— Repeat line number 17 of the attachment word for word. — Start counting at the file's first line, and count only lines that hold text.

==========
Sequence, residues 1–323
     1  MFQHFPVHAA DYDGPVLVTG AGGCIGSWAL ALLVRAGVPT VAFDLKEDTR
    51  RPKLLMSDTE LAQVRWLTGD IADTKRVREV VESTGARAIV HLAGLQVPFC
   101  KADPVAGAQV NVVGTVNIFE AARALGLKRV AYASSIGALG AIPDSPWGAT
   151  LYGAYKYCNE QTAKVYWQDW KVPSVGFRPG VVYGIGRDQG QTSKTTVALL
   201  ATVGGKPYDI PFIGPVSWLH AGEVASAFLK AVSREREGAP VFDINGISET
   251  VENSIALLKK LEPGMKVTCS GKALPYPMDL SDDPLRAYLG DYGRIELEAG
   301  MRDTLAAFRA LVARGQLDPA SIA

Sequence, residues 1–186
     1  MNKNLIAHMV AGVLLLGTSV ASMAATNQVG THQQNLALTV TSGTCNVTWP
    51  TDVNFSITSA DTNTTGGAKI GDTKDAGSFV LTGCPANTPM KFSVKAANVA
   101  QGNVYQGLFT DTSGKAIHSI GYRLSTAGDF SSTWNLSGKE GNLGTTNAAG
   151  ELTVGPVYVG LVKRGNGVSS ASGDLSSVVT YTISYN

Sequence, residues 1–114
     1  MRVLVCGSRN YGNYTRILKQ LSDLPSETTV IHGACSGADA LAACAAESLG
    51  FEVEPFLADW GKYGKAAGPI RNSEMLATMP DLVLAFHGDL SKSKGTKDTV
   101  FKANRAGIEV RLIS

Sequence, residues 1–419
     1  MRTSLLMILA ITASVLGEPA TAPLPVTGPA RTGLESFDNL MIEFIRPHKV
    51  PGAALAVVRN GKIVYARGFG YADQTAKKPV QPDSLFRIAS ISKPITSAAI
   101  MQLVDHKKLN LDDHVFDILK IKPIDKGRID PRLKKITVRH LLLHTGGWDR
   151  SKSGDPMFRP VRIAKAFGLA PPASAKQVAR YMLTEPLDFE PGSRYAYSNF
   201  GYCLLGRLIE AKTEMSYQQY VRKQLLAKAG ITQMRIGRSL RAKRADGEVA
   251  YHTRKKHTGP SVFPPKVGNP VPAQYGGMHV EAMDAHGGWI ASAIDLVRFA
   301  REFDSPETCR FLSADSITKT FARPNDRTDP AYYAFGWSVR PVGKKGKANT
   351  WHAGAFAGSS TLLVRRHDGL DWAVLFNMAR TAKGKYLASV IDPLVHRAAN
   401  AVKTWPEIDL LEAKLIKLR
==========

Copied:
   101  FKANRAGIEV RLIS